For standard analysis, an answer (in the concept of limit) is here.

However, when dealing with infinitesimals in non-standard analysis, that limit technique will not work.

So in non standard analysis, should we necessarily consider derivative as slope between two infinitesimally apart points? Or should we still consider it as slope at "a point in hyper real number line $(\varepsilon)$"?

If the latter is true, please give a reason.


Actually, every technique of standard analysis also works in nonstandard analysis; this is formalized by the transfer principle.

In particular, the notions of limit for (internal) functions on the hyperreals is meaningful, and can even be computed by the usual $\epsilon$-$\delta$ approach.

And the notion of derivative for (internal) functions on the hyperreals is also meaningful, and satisfies the identity

$$ f'(a) = \lim_{\epsilon \to 0} \frac{f(a+\epsilon) - f(a)}{\epsilon} $$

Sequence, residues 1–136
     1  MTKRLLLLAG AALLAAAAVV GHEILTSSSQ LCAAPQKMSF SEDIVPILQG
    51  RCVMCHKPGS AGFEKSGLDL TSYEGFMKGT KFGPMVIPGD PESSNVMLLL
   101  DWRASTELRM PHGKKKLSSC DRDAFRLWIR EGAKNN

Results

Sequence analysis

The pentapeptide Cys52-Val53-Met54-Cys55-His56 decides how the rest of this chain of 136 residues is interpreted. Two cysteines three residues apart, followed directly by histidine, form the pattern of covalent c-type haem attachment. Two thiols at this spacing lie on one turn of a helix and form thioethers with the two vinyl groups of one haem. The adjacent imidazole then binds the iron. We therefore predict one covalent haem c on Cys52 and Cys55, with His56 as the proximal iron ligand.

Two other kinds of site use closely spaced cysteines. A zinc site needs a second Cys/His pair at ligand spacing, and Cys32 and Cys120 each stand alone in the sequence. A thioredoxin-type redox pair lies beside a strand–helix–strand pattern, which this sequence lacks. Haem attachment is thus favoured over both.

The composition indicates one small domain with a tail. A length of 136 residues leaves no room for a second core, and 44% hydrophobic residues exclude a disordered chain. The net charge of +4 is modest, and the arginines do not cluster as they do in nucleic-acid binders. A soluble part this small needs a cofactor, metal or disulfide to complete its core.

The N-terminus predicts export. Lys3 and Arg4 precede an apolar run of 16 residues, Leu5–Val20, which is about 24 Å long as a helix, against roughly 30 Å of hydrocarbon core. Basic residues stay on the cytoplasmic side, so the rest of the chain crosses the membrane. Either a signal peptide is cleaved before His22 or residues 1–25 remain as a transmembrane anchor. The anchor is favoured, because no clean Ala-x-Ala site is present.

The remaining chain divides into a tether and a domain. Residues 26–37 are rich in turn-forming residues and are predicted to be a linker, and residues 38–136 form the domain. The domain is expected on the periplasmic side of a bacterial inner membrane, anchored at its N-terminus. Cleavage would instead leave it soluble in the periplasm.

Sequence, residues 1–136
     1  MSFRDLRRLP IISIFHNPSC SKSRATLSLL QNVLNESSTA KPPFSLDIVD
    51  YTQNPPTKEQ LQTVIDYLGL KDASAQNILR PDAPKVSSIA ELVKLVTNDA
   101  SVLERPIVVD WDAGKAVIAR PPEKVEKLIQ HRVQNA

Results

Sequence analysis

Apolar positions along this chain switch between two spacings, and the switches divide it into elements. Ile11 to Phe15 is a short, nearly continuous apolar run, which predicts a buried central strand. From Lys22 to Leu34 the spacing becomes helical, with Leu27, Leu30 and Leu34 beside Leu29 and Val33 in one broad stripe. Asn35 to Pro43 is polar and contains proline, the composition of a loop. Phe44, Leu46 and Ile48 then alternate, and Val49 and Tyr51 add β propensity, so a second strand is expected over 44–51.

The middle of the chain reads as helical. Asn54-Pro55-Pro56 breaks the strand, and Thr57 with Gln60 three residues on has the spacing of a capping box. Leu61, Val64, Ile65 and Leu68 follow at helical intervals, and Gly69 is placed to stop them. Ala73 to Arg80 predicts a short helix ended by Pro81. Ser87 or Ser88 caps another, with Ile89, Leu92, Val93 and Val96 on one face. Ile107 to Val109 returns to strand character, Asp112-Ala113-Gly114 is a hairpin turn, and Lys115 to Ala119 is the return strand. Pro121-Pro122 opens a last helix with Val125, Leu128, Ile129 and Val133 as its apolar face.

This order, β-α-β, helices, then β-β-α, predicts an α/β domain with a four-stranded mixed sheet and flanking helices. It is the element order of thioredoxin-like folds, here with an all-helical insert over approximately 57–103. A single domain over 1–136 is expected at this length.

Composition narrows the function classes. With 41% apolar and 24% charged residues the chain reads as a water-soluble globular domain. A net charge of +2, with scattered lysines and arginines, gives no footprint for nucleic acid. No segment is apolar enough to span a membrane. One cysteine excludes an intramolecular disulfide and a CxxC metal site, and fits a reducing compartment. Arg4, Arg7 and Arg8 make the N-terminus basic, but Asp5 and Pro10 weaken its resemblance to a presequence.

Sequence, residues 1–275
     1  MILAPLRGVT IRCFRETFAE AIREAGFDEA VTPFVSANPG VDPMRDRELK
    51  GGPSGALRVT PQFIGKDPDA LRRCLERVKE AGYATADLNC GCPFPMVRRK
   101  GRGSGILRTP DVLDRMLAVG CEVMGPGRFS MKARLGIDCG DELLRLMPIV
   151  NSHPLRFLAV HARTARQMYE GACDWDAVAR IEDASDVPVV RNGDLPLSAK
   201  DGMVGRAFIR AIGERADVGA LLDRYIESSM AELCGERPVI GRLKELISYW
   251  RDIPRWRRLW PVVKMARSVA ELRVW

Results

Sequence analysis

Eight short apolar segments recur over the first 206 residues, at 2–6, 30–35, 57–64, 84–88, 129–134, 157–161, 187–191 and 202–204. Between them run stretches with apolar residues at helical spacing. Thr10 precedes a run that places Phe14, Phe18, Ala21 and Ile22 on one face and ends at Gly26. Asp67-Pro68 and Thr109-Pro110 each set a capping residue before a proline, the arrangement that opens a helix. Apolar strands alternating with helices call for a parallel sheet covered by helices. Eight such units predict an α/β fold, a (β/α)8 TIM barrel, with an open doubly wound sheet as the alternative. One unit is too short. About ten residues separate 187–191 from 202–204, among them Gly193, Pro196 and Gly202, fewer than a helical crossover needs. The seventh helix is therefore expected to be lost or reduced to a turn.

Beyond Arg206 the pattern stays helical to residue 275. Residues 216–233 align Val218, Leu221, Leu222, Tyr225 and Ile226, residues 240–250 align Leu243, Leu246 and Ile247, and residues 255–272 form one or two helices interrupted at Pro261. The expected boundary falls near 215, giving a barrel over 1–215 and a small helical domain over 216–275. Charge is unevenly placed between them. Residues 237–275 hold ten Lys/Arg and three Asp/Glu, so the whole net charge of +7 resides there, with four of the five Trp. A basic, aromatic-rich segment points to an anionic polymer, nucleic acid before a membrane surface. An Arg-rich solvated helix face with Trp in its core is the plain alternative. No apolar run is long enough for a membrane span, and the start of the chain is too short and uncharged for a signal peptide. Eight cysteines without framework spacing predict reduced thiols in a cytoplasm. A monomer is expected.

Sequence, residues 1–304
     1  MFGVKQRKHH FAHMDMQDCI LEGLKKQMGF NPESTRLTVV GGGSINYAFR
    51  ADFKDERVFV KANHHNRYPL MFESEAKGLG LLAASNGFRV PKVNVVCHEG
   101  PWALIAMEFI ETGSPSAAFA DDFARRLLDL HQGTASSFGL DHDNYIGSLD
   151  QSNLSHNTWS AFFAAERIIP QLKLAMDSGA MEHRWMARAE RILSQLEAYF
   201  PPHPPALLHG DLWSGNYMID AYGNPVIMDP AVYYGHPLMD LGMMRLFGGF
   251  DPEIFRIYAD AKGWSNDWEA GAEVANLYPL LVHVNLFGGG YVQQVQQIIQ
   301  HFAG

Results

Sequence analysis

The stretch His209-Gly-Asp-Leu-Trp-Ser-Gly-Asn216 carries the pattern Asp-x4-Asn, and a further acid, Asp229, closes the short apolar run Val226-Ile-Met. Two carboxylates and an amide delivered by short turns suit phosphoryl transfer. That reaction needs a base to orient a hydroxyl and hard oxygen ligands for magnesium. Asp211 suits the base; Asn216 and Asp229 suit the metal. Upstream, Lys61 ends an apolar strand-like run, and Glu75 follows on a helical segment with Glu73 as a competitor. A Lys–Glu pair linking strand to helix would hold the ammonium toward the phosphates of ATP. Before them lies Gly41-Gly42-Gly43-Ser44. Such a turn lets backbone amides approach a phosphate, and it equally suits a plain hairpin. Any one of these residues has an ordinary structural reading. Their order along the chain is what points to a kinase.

in the sense that if either side exists, then so does the either and both sides are equal.

What nonstandard analysis does is allow for new techniques by comparing the standard and nonstandard models. In particular, if $f$ is a standard function and $a$ is a standard real number, then

$$ f'(a) = \mathrm{std} \left( \frac{f(a+\epsilon) - f(a)}{\epsilon} \right) $$

in the sense that there is a canonical way to interpret $a$ as a hyperreal and $f$ as a function on the hyperreals, and if the right side has the same value for every nonzero infinitesimal $\epsilon$, then the left hand side exists and equality holds. Conversely, if the left hand side exists, then the right hand side does as well for every (nonstandard) nonzero infinitesimal $\epsilon$, and they are equal.

And note that this isn't just the difference quotient; one has to do the additional operation of taking the standard part.

Just like the standard formulation of derivatives, one doesn't define the derivative simply by taking the different quotient at two points — one has to do something extra in order to pass from that idea to the derivative.


Your Answer

By clicking “Post Your Answer”, you agree to our terms of service, privacy policy and cookie policy

Not the answer you're looking for? Browse other questions tagged or ask your own question.